I am not going to delve into the company’s future growth prospects in this post, as I have been wrong about them so far. My thesis was that Facebook usage would decline over time as early adopters such as myself tired of the service and the network became overloaded with parents, grandparents, aunts, uncles, etc. That has proven to be wrong. Perhaps Facebook has evolved from a cool place to connect with friends to a crucial hub to connect with family. At any rate, the stock’s valuation is what has peaked my interest lately.

Facebook is one of a growing number of growth companies in the technology space that is overstating its profitability by paying its employees with stock and not treating it as an expense when speaking to Wall Street analysts. The official GAAP financial statements do disclose how much stock they dole out to employees (for instance, in 2015 the figure was a stunning $3 billion), but when investors quickly look at earnings estimates, they see the $3.54 figure for 2016 which does not include stock-based compensation.

So what happens to the stock’s valuation if we treat stock compensation as if it were cash? After all, if Facebook decided to stop paying its employees with stock, we can assume they would have to replace it with cash. Below I have compiled the company’s free cash flow generation since 2012 and subtracted the dollar amount of stock they have paid their employees. This simply tells us how much actual free cash flow Facebook would have generated if they compensated solely with good ol’ U.S. dollars and cents.

FB-FCF

As you can see, adjusted for stock-based compensation Facebook had free cash flow of $1.09 per share in 2015, which is about 50% less than their actual reported free cash flow ($2.13). Put another way, Facebook’s employees (not their shareholders) are being paid out half of the company’s profits.

From this perspective, Facebook stock looks a lot more overvalued. If you annualize the company’s first quarter 2016 free cash flow adjusted for stock compensation ($0.38 per share), the company trades at a P/E of 77 ($1.53 of free cash flow). There is certainly an argument to be made that such a price resembles bubble territory. That potential problem could be rectified if the company continues to grow 30% annually for the next five years, resulting in $4.05 of “adjusted” free cash flow in 2020. But buyers of Facebook stock today at paying about 30 times that 2020 estimate right now, which is still a very high price.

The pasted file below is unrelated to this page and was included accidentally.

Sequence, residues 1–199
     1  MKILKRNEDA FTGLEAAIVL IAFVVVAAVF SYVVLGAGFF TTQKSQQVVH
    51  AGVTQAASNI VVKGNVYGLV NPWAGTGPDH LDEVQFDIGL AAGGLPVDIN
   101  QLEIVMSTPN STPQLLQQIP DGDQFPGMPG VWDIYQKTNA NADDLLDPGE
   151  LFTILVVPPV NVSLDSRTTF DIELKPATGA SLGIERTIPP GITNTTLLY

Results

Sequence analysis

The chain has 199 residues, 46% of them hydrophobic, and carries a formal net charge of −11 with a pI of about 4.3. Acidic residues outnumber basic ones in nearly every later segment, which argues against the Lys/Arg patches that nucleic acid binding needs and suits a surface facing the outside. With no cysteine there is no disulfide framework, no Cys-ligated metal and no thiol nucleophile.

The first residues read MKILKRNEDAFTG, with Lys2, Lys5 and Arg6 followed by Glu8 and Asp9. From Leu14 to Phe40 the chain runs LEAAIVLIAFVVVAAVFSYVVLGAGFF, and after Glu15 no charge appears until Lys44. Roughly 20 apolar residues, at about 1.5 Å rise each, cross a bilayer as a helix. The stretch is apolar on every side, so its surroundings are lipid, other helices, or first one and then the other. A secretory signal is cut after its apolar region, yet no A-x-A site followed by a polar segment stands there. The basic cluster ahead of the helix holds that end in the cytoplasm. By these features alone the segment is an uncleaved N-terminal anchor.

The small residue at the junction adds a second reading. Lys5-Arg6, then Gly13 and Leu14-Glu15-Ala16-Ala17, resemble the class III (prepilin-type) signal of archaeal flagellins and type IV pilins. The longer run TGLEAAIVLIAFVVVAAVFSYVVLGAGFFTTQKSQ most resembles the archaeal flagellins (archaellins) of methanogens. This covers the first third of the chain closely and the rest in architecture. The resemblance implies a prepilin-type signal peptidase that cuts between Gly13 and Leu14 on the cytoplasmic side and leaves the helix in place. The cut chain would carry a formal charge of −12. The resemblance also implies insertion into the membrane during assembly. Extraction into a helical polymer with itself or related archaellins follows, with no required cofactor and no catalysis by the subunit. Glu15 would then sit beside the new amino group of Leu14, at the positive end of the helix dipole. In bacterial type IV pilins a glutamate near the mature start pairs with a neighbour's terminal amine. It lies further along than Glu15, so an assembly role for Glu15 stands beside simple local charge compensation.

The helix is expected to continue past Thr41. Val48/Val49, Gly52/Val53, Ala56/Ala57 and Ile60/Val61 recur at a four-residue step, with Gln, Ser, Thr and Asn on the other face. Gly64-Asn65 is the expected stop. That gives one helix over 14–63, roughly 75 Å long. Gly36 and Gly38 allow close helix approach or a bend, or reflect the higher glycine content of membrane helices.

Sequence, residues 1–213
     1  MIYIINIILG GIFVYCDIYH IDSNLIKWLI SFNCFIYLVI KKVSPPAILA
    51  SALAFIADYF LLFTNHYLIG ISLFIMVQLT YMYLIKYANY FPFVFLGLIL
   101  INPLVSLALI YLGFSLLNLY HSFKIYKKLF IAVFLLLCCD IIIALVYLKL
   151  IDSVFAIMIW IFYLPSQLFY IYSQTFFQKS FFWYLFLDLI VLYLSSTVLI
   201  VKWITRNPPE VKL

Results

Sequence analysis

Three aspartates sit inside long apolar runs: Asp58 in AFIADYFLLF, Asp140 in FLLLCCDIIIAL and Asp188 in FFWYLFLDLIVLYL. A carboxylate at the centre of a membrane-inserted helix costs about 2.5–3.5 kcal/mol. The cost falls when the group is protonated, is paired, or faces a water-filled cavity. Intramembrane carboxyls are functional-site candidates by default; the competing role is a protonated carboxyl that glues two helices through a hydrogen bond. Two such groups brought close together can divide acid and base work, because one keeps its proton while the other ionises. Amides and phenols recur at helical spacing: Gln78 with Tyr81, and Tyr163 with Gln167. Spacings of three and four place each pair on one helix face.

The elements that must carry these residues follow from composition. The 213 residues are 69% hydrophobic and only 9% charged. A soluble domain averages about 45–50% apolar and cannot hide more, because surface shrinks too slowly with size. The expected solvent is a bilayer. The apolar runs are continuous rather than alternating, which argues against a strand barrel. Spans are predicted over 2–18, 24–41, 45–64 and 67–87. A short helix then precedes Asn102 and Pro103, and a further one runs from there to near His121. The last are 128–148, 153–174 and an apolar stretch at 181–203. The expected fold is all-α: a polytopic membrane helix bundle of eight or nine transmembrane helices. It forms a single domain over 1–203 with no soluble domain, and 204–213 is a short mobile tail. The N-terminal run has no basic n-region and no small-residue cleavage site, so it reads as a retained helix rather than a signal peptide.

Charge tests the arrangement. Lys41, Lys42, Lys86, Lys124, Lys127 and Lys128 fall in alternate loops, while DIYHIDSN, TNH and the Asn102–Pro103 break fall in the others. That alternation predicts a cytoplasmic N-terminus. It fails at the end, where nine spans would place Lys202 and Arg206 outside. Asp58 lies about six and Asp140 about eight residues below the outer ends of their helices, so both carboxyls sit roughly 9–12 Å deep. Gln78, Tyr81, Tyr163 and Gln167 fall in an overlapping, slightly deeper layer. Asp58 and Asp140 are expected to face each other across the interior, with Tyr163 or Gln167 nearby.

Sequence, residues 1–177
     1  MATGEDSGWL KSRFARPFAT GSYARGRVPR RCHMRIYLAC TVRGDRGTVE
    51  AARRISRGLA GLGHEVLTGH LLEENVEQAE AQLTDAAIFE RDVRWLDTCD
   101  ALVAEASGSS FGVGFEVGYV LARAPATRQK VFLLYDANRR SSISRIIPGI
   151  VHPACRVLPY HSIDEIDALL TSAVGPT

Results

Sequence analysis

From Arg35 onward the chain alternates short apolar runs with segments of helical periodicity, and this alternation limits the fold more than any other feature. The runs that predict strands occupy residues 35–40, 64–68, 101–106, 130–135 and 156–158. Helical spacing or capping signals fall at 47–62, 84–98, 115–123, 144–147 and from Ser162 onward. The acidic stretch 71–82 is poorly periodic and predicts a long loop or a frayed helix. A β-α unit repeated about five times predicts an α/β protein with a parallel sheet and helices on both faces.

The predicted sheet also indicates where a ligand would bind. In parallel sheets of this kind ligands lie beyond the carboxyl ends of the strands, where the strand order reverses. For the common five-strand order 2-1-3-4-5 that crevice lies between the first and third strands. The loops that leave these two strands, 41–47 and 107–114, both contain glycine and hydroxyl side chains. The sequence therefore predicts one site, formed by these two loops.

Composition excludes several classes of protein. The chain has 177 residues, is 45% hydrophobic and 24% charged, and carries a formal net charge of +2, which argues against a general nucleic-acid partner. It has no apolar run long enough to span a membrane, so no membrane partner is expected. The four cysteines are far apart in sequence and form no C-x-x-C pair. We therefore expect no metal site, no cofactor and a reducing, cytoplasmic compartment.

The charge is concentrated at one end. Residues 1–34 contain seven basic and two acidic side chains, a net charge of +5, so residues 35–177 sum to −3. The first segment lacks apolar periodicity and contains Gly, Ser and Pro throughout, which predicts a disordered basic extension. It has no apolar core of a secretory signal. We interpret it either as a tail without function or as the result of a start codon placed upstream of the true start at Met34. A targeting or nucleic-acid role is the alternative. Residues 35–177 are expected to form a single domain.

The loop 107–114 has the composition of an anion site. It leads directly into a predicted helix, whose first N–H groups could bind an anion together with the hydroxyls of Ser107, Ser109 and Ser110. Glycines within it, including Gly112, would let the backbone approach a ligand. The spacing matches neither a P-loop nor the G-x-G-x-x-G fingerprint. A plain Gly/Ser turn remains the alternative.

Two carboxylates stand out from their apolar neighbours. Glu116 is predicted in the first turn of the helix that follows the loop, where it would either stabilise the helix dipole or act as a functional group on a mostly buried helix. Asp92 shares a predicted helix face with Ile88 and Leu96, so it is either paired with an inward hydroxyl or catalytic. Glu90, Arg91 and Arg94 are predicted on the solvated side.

Below is a summary of Facebook’s stock market value relative to reported and adjusted free cash flow since 2012, as the stock has nearly quintupled in price:

FB-Pr-FCF

How do situations like these typically play out? One of two ways. The less likely scenario is probably one where Facebook’s growth hits a wall and investors quickly slash the P/E ratio they are willing to pay by 2-3 times. That would be ugly, but does not appear to be the most likely outcome given their momentum right now. The more likely scenario is the one that we usually see with very good companies that have staying power but simply have seen their stock prices get ahead of the fundamentals. In that case, the cash flow multiple comes down slowly over a period of several years, resulting in the stock price lagging the company’s underlying profits.

If I had to guess, I would say the latter seems like a real possibility going forward from here. Regardless, investors should check to see how much of a hit a high-flying tech company’s cash flow would take if stock compensation was factored into the equation. As Warren Buffett likes to say, “if stock-based compensation is not a real expense, I don’t know what it is.”

Full Disclosure: No position in Facebook at the time of writing, but positions may change at any time